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Meet six millennial activists making a difference on Long Island and beyond

Whether they're fighting for disability rights, providing aid to impoverished regions, standing up for sexual assault survivors, banding communities together against gang violence or making strides to save the environment, Long Island millennials are active and vocal about the causes they care about.

Newsday selected six millennial activists who go above and beyond to affect change on local and, in some cases, national and international levels. We have highlighted their work in a series of stories. Learn more about the six activists below.

Do you know a millennial in your community who advocates for an issue they care about? Email rachel.weiss@newsday.com.

Emily Ladau

West Babylon native Emily Ladau is a full-time
Photo Credit: Yeong-Ung Yang

West Babylon native Emily Ladau is a full-time disability rights advocate. Since starring on "Sesame Street" at age 10, she has been using her voice to represent the disability community, and offering a platform to those with stories to tell. Ladau is the editor-in-chief of the Rooted in Rights blog, leading a staff of disabled authors in their writing endeavors. She is also fighting for accessible spaces at social justice rallies and events. "It's one thing to let someone who has a disability into the room," she said. "It's another thing to bring them to the table."

Kyle and Brandon Persaud

When Kyle and Brandon Persaud were children, they
Photo Credit: Yeong-Ung Yang

When Kyle and Brandon Persaud were children, they took a trip to Guyana with their parents, who are natives of the South American country. While there, their lives were changed by a boy named Jason. After learning about his hardships as an orphan, they got the idea to start KB Operation Hope, a nonprofit organization that provides educational and medical supplies to impoverished villages around the world. Kyle and Brandon, 17 and 15, were also inspired by their mother, who spent more than six years living in orphanages in Guyana. "I definitely want my organization to grow from a small one right now that's comprised of about six people, to one that's going to be comprised of hundreds," Kyle said. "I want it to be an international hub for support for children."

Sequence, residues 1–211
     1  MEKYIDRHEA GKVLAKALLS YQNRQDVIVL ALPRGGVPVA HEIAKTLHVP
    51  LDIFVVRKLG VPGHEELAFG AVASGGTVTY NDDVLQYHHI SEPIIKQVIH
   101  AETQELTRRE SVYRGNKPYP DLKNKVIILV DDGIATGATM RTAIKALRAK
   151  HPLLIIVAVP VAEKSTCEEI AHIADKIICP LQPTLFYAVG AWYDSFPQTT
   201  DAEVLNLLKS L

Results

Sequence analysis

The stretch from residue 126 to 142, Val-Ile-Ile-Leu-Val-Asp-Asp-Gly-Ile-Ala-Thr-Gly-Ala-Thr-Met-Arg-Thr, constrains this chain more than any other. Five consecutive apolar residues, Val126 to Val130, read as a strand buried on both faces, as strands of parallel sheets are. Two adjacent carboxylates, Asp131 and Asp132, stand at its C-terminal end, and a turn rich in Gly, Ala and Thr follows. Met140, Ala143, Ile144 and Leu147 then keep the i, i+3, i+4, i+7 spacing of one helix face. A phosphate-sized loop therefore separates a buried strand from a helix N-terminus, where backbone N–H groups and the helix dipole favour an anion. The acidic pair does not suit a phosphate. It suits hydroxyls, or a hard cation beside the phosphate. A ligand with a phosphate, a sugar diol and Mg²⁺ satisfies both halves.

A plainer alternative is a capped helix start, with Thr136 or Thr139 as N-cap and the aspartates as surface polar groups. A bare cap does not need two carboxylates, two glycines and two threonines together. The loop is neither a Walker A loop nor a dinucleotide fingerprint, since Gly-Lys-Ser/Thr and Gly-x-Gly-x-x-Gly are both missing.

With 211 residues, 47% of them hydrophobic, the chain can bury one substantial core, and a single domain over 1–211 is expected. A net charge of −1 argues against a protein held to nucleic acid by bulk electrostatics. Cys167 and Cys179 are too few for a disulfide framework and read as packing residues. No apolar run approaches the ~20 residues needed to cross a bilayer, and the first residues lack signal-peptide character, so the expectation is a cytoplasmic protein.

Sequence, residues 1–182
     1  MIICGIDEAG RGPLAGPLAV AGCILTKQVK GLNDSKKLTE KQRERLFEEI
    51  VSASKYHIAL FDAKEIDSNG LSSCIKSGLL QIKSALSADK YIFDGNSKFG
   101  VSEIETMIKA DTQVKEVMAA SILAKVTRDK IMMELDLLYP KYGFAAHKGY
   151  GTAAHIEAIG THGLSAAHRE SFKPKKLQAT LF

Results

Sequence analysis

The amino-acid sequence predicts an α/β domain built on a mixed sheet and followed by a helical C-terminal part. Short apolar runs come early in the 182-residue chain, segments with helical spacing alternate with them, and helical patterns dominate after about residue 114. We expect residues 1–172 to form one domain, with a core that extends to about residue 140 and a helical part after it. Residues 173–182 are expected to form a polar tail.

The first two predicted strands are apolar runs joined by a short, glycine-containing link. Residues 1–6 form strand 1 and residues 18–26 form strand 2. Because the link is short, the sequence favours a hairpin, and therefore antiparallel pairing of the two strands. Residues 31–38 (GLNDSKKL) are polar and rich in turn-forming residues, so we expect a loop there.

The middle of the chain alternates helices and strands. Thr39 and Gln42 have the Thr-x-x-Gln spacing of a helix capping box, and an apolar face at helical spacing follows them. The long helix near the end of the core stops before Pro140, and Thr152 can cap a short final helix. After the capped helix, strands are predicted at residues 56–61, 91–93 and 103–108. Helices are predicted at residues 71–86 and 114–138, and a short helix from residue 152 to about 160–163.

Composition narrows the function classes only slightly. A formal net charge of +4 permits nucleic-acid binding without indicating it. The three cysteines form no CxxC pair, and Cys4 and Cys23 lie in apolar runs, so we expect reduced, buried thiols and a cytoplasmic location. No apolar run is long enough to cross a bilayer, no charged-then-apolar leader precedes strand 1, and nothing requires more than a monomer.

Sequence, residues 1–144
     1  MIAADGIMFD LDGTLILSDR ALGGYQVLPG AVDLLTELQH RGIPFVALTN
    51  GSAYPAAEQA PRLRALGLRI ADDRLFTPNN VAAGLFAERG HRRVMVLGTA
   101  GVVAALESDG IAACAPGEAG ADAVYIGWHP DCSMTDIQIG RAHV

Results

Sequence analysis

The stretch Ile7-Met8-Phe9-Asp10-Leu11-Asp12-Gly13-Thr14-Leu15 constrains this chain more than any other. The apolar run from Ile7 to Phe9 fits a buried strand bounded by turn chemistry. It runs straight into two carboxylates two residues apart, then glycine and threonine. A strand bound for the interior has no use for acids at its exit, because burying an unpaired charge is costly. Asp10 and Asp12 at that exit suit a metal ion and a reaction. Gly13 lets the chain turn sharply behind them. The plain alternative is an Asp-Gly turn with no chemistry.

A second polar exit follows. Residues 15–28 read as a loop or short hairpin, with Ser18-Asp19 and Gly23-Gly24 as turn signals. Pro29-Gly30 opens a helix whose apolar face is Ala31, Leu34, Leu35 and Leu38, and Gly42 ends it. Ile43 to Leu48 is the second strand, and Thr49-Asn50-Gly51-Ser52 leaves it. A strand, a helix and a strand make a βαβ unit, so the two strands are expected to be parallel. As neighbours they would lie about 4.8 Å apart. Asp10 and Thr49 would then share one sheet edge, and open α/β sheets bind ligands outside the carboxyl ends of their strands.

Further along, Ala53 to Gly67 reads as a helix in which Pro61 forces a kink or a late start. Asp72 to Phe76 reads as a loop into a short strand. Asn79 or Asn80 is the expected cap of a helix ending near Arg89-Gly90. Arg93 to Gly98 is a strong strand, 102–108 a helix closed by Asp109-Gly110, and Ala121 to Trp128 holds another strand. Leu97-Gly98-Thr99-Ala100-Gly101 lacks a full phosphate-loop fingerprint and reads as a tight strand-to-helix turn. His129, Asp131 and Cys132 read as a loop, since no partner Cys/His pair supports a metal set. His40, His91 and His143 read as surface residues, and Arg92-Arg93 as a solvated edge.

Elizabeth Osowiecki

Franklin Square native Elizabeth Osowiecki works at The
Photo Credit: Rachel Weiss

Franklin Square native Elizabeth Osowiecki works at The Safe Center in Bethpage as an education coordinator and rape crisis counselor. She first started at the non-profit as a hospital advocacy volunteer, assisting sexual assault victims in hospitals all over Long Island. This cause is personal for Osowiecki, who said she was a victim of sexual assault while attending SUNY Purchase. While working at The Safe Center, she has noticed that the people recently calling for help seem empowered to speak about their experiences. "Maybe people who felt they could never say 'Me, too,' now really feel like they can," she said. "[They're saying] if that person can, I can."

Alexa Cox

At 17, Alexa Cox has already used her
Photo Credit: Jessica Rotkiewicz

At 17, Alexa Cox has already used her voice to advocate for several causes: anti-gang violence, tobacco product depiction in children's media, and lupus awareness. In Aug. 2017, Cox won the title of Miss Long Island Teen. She is using the pageant as a platform to talk about the gang violence in her community of Central Islip. She said, "I want to actually try and see if I can talk to any former gang members to get more insight on gang life and why people get involved in those types of things, to try to prevent other people from getting involved."

Ben May

Mount Sinai native Ben May has made strides
Photo Credit: Rachel Weiss

Mount Sinai native Ben May has made strides in environmental activism on local and national levels, from cleaning up Suffolk County beaches to meeting with President Barack Obama's Council on Environmental Quality. After graduating as valedictorian from Mount Sinai High School, May headed to University of Pennsylvania and plans to study mathematical economics and international relations with a minor in environmental studies. May said, "A very common thing that I like to tell people is that past generations worked to protect the environment so that their future children would have a beautiful world. But our generation is working to protect the environment so that our own children will have a future at all."

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